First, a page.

In addition to this similar idea from Western thought, Indian thought also provides examples of concepts very similar to the concept of the Tao in its ideas of Dharma and Brahman. According to James C. Livingstone, a professor of religion, “in the Vedas,” which texts represent some of the earliest developments in Indian religion and philosophy, “the word dharma stood for an eternally fixed moral law that underlies the universe” (Anatomy of the Sacred, p. 362). So central to ancient Hindu thought was the concern for coming into concord with this law that, “in the later law books,” such as the Law of Manu, “dharma came to refer specifically to the duties and obligations of social life” (Livingstone, Anatomy of the Sacred, p. 362).
Whereas from its inception the Logos of Heraclitus bore a similarity to the Tao as it was developed in the thought of Laozi, the Dharma in its inception bears a much closer resemblance to the Tao as enunciated in the thought of Kongzi. As in Kongzi’s philosophy, the earliest Indian thought on Dharma viewed it largely as a matter of social important, a set of laws, rituals, customs, and conventions to be followed in order for people to attain social harmony and person prosperity. In later Indian thought, however, the Dharma would come to resemble something much more similar to Laozi’s more spiritual and personal version of the Tao.
In Hinduism, for example, the Dharma would be associated closely with the idea of Brahman, the “God [who] is being, awareness, and bliss” (Smith, The World’s Religions, p. 60). Just as meditation on the self-identification of the God of Judaism and Christianity as “I AM,” or the root source, underlying principle, and governing force of existence, in Exodus 3:14 would lead later Jewish and Christian thinkers to an identification of God with the Logos of Greek thought, this very similar description of the Supreme Being in Hinduism demonstrates the similarities of Brahman, Dharma, and Tao.
Also remarkably similar is the Hindu treatment of the relationship between man and Brahman. According to Hindu thought as developed in the Upanishads, a set of mystical, theological, mythological, and philosophical texts, the most important of which were written between 1000 and 600 BCE, Brahman is also identical with the atman, the personal soul of each individual human being. This identification of the atman with Brahman sounds very much like the identification of the Logos, as universal Reason, with the reason inherent in each person, as well as with Laozi’s concept of each man as intended to be an embodiment and reflection of the Tao. There is also a further similarity with Jewish and Christian thought here in the biblical assertion that human beings were created “in the image of God” (Genesis 1:27).
Although the Buddha (563-483), a contemporary of Kongzi, Laozi, and Heraclitus, rejected the Hindu concept of Brahman, in splitting with the Hinduism developing during the period of the composition of the Upanishads, his ideas concerning Dharma also present a noteworthy comparison here. According to professor and spiritual leader Eknath Easwaran, in the thought of the Buddha, “dharma expresses the central law of life, that all things and events are part of an indivisible whole” (The Dhammapada, p. 12). Here again there is emphasis on an underlying principle which in some sense unites and governs the cosmos. And, in the Buddha’s thought, yet again emphasis is placed on the need for each individual to come into harmony with that principle and thereby attain peace for one’s self and for the world.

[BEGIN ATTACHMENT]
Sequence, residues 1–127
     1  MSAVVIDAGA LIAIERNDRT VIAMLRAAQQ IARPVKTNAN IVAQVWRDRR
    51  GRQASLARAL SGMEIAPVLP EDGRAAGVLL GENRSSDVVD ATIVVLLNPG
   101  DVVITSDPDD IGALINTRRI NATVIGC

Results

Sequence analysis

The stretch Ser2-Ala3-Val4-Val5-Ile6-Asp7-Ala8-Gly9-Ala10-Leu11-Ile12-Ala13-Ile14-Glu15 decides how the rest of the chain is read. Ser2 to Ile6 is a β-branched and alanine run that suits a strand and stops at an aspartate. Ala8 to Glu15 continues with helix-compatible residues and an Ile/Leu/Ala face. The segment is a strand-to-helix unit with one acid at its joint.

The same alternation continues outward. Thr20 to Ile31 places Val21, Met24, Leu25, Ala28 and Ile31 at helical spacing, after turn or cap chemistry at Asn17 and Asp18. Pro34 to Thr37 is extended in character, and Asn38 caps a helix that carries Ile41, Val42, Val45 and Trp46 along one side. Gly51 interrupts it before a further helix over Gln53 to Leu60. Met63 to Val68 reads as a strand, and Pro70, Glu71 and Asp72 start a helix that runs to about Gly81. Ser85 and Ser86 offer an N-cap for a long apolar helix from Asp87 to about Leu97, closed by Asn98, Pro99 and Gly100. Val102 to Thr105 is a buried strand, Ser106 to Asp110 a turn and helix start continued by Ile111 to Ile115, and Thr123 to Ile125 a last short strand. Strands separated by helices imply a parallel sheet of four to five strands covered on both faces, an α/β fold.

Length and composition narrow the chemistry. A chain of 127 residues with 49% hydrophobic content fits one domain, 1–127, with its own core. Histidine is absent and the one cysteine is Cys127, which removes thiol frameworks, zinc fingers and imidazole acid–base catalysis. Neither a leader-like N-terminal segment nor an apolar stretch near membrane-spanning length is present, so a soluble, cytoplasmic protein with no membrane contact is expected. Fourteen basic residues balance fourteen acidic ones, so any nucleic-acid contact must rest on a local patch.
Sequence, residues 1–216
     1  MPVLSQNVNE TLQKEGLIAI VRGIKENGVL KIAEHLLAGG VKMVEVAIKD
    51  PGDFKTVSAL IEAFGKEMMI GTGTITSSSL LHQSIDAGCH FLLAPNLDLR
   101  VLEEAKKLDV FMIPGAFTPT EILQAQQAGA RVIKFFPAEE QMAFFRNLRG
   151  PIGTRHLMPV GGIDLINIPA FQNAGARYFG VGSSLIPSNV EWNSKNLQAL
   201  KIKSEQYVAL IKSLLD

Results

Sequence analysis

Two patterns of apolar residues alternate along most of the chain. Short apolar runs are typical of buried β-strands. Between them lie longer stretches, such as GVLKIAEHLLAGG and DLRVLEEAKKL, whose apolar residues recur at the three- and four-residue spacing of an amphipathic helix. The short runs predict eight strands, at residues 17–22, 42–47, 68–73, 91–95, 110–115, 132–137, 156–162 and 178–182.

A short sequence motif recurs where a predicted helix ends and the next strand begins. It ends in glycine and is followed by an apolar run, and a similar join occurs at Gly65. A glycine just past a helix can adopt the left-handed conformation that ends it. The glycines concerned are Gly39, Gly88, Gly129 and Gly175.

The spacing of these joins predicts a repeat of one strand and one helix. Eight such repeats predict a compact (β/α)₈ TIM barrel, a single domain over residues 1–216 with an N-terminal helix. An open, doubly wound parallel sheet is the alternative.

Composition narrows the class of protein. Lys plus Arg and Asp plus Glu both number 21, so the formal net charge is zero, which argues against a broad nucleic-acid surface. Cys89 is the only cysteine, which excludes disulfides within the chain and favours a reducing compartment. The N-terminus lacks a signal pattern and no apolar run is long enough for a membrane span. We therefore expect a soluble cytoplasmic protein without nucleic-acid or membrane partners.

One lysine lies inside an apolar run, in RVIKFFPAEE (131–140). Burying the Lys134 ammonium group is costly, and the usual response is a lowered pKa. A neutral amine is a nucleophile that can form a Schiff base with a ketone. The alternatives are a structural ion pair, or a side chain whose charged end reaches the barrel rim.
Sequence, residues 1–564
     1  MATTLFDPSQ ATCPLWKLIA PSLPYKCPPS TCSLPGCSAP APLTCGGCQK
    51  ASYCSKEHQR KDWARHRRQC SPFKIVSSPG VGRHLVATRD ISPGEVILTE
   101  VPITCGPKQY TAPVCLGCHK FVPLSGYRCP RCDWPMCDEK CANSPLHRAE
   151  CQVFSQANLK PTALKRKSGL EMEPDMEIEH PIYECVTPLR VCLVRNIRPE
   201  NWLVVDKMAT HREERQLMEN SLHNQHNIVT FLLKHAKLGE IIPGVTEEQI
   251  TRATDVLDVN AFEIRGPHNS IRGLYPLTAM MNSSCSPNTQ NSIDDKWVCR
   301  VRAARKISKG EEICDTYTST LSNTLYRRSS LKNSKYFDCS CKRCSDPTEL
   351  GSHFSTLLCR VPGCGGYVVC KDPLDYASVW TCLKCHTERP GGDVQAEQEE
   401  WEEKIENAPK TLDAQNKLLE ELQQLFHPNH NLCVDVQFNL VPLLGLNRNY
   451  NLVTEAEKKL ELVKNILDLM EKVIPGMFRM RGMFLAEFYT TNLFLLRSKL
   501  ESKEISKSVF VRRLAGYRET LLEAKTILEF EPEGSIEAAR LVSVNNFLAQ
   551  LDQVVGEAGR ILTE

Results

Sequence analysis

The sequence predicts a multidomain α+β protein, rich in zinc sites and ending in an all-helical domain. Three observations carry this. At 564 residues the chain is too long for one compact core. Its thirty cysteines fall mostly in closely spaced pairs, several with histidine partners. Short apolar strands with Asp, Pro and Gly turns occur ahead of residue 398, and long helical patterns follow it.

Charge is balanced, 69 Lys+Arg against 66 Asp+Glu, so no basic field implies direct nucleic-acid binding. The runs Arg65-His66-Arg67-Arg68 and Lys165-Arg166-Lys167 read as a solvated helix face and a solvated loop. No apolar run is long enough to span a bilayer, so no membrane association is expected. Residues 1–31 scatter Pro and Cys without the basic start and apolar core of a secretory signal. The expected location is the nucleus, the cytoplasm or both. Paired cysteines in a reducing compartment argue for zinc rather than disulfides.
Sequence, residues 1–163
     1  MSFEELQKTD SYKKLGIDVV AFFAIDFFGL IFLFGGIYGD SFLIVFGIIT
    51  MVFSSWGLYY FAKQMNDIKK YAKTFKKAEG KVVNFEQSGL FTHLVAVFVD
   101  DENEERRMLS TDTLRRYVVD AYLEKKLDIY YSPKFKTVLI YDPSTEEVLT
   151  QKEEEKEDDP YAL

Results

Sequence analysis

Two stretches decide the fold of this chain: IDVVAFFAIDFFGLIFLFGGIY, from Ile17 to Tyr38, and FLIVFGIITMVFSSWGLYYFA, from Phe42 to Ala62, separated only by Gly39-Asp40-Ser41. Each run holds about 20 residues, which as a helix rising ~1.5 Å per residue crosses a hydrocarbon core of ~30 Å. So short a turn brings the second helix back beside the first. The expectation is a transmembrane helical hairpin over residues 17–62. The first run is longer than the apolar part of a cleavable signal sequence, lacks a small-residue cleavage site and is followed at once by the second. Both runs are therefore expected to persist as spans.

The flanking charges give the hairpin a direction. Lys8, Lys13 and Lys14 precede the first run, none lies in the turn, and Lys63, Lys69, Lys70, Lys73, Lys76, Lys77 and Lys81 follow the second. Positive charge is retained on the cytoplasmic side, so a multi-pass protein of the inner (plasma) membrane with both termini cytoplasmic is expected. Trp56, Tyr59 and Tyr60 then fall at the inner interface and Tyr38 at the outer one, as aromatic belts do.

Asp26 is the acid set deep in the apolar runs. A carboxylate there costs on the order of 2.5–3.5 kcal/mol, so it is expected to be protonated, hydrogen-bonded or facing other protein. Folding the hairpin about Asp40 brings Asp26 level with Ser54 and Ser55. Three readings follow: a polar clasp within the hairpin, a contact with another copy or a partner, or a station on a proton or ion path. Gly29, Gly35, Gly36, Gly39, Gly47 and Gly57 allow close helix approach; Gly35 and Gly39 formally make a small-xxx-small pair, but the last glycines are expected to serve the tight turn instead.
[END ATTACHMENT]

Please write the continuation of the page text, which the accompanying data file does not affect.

Across cultural boundaries and, in the ancient world, nearly insurmountable geographic expanses, at a point in time nearly simultaneous, several of the great civilizations of the world, China, Greece, the Middle East, and India, saw thinkers introduce and develop concepts that bore a remarkable similarity to each other. As Kongzi and Laozi developed their ideas of the Tao in China, Heraclitus expounded upon the Logos in Greece, Jewish thinkers developed their first ideas about a God who is Being Itself, and the authors of the Upanishads and the Buddha taught about Dharma in India. In these ideas, there is a display of cultural uniqueness and of divergence in thought, but also, and far more noteworthy, a fascinating similarity in their assertion that there is a uniting and governing underlying source which transcends and yet remains imminent within it and that man, for his own salvation both as a species and as individuals, must come into harmony with this principle.
ReferencesChan, Alan, “Laozi”, The Stanford Encyclopedia of Philosophy (Fall 2012 Edition), Edward N. Zalta (ed.), URL = .
Coplestone, Frederick. (1946). A History of Philosophy, Vol. 1: Greece and Rome. Mahwah: Paulist Press, 1946.
Damascene, Hiermonk. (2004). Christ the Eternal Tao. Platina: Valaam Books.
Easwaran, Eknath. (1999). The Dhammapada. Tomales: Nilgiri Press.
Feng, Gia-Fu and Jane English. Translators. (1989). Tao Te Ching. New York: Vintage Books.
Ivanhoe, Philip J. and Bryan W. Van Norden. (2005). Readings in Classical Chinese Philosophy: Second Edition. Indianapolis: Hackett Publishing Company, Inc.
Livingstone, James C. (1998). Anatomy of the Sacred: An Introduction to Religion, Third Edition. Upper Saddle River: Prentice Hall.
Smith, Huston. (1991). The World’s Religions: Our Great Wisdom Traditions. San Francisco: HarperCollins Publishers.
Tarnas, Richard. (1991). The Passion of the Western Mind: Understanding the Ideas that Have Shaped Our World View. New York: Ballantine Books.